This is also the first NVIDIA product line that will fully and completely support HDCP over DVI. This means that, when combined with a monitor or TV that also supports HDCP over DVI, content which requires HDCP to play will not have any problem. While the entire lineup of NVIDIA and ATI GPUs has been capable of supporting HDCP, no full product lines have actually implemented the required solution.

The reason this is a first is due to the requirements of HDCP. Not only must the hardware be capable of transmitting HDCP content, but it also must provide a vendor specific key. These keys are only provided to vendors after paying a hefty fee. Until now, with the lack of protected content and compatible display devices, graphics board makers have not wanted to shell out the cash for HDCP keys. These keys are actually stored on a chip that must be integrated on the graphics card, so even though older cards have the potential for HDCP, the lack of the HDCP chip means that they cannot support the feature.

While we could take a few thousand words here to editorialize the wastefulness of content "protection" in consumer markets, we'll keep our thoughts brief. Real pirates will always find a way to make their money by selling stolen content. Cost or technical barriers are not sufficient deterrents to people who make their living through illegal distribution of content. If it can be seen or heard in a decrypted format, it will always be possible to copy. Until it is mandatory that decryption hardware and software with a private key for everyone be implanted into our brains, media designed for mass distribution can never really have full protection from copying. Content protection is a flaming pit into which an industry terrified of change is demanding hardware designers, programmers and governments toss as much money as possible.

That being said, the inclusion of HDCP support on the 7950 GX2 is a good thing. There's no reason to make it more difficult on the end user who just wants to watch or listen to the media they paid for. If content providers are going to go down this route either way, then it is certainly better to be prepared. While we have not spoken with every vendor, NVIDIA assures us that every 7950 GX2 will have HDCP key hardware onboard.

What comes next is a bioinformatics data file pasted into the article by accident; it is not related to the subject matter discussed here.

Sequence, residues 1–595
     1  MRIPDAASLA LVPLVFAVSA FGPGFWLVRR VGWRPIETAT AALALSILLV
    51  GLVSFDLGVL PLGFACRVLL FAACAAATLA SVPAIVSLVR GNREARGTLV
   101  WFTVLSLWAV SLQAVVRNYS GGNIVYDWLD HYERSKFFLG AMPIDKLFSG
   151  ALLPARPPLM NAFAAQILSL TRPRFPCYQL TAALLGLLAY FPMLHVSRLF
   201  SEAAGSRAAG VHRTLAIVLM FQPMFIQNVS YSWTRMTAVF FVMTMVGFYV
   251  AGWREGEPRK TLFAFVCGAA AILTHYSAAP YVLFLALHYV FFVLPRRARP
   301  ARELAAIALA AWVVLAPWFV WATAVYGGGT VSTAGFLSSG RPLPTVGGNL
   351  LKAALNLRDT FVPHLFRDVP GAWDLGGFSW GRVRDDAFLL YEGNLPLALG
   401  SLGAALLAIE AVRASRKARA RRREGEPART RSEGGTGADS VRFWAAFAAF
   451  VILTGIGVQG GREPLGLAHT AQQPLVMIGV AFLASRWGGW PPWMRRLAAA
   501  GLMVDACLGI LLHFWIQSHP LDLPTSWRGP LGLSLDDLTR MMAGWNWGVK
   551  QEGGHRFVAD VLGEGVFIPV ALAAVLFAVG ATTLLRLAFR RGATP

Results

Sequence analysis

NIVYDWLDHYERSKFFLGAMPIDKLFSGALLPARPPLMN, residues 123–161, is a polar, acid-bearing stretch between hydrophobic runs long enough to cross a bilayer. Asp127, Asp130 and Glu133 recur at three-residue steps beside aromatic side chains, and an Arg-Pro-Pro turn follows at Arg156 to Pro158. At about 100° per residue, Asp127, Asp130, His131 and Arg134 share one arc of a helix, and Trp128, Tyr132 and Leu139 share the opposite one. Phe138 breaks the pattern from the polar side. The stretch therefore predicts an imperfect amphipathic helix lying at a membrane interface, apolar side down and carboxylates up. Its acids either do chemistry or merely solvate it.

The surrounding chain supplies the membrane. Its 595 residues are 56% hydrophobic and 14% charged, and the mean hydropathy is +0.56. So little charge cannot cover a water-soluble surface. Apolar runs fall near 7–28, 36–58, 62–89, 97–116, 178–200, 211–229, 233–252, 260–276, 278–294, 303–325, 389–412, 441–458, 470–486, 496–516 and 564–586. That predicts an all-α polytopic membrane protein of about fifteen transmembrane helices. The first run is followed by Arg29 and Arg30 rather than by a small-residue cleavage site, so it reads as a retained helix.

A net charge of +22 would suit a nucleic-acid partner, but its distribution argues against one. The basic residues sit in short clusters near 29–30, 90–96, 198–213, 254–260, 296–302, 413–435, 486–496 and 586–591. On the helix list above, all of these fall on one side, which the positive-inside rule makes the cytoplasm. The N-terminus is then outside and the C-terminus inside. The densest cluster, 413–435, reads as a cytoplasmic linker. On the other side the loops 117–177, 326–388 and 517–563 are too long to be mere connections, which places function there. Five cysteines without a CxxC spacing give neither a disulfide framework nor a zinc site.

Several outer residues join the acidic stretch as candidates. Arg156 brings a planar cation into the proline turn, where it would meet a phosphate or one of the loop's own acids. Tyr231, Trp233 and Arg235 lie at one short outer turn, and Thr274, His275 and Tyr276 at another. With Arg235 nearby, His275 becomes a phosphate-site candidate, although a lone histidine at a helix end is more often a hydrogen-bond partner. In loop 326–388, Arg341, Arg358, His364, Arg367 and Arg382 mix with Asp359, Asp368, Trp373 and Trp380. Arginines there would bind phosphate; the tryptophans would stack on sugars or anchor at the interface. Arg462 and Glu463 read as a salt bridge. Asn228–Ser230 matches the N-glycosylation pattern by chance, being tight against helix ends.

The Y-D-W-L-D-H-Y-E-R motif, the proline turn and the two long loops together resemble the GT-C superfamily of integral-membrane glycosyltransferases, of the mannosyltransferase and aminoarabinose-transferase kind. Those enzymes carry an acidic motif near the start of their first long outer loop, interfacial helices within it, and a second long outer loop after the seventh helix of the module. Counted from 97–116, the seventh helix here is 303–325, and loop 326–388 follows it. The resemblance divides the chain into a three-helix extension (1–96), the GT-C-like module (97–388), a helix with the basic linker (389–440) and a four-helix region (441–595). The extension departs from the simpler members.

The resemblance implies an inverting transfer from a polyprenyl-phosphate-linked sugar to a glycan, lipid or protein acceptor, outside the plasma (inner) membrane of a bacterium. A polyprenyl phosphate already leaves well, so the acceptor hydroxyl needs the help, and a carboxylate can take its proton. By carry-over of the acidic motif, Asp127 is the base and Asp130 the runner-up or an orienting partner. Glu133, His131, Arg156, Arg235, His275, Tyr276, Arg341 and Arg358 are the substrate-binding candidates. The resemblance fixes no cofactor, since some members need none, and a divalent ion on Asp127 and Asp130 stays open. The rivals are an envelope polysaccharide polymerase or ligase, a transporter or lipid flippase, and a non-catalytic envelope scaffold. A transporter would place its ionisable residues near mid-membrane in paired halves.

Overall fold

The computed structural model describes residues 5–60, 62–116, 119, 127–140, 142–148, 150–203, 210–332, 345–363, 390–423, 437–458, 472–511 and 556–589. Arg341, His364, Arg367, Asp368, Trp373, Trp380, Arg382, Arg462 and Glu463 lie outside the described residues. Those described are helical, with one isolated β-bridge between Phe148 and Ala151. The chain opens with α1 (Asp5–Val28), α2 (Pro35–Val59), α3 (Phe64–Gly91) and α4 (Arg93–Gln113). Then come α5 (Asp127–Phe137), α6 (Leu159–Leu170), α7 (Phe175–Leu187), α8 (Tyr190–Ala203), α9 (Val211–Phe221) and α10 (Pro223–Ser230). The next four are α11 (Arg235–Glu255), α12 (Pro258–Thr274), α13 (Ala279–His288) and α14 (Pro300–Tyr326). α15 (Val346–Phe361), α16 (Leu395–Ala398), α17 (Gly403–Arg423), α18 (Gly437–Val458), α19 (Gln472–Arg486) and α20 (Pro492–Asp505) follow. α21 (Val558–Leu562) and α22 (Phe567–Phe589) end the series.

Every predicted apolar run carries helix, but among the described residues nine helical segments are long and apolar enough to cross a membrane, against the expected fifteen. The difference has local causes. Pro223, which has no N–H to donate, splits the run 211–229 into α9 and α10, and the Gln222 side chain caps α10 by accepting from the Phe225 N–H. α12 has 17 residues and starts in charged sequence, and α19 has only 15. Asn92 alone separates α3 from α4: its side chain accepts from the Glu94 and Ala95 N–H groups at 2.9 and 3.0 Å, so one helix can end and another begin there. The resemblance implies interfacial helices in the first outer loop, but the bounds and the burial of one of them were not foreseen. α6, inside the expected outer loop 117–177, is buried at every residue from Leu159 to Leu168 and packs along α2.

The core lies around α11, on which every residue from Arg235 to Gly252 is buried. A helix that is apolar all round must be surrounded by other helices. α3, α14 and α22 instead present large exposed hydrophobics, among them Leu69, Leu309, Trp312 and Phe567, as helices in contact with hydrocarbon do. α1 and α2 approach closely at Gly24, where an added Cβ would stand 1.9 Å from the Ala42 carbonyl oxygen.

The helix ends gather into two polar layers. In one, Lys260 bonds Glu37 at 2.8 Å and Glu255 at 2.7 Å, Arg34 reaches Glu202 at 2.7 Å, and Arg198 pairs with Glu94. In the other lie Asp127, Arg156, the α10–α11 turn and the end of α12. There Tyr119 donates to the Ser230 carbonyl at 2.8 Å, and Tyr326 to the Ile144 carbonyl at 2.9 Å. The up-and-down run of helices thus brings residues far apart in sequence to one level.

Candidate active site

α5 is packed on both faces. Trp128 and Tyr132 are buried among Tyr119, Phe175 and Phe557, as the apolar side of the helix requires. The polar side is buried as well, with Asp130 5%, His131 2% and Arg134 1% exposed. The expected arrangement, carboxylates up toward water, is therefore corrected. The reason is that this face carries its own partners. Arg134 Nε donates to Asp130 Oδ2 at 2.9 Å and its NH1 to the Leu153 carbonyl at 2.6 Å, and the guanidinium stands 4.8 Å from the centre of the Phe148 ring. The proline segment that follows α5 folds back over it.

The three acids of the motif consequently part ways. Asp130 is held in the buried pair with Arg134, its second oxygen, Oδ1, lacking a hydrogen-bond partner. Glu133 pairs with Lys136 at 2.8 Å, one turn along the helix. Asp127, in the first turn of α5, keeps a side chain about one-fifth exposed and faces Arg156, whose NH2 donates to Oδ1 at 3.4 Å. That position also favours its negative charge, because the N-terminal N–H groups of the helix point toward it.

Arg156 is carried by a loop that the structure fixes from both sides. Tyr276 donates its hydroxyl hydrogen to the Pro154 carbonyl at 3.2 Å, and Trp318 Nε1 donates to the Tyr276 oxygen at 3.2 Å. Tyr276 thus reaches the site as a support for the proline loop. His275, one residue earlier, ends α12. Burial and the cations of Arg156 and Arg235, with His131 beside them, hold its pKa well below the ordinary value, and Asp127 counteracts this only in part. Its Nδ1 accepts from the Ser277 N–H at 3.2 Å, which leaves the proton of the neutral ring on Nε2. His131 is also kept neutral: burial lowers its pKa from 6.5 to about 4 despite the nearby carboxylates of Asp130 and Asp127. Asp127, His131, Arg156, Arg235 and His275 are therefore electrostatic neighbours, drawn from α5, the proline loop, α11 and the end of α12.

Index The Card and The Test
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  • bluebob950 - Tuesday, June 27, 2006 - link

    thinking about getting a 7950 but i cant find monitor any monitors that do 2048 my boss says the dell 21" at work do but i have yet to see it what do you use? and where can i find them online? Reply
  • bluebob950 - Tuesday, June 27, 2006 - link

    thinking about getting a 7950gt but i cant find monitor any monitors that do 2048 my boss says the dell 21" at work do but i have yet to see it what do you use? and where can i find them online? Reply
  • JNo - Wednesday, June 07, 2006 - link

    I think the review at Hexus.net bares a very interesting negative conclusion, somewhat in contrast to anandtech (not that I'm dissing anandtech), and provides food for sobering thought...
    http://lifestyle.hexus.net/content/item.php?item=5...">http://lifestyle.hexus.net/content/item.php?item=5...


    Think seriously about what's been presented to you in this article thus far, concerning GeForce 7950 GX2, and you should (if I can do my job properly) come to a conclusion like this: NVIDIA GeForce 7950 GX2 is probably the most caveat-laden graphics purchase yet released.

    The conditions that have to be satisfied before it makes sense to get one are pretty much as follows: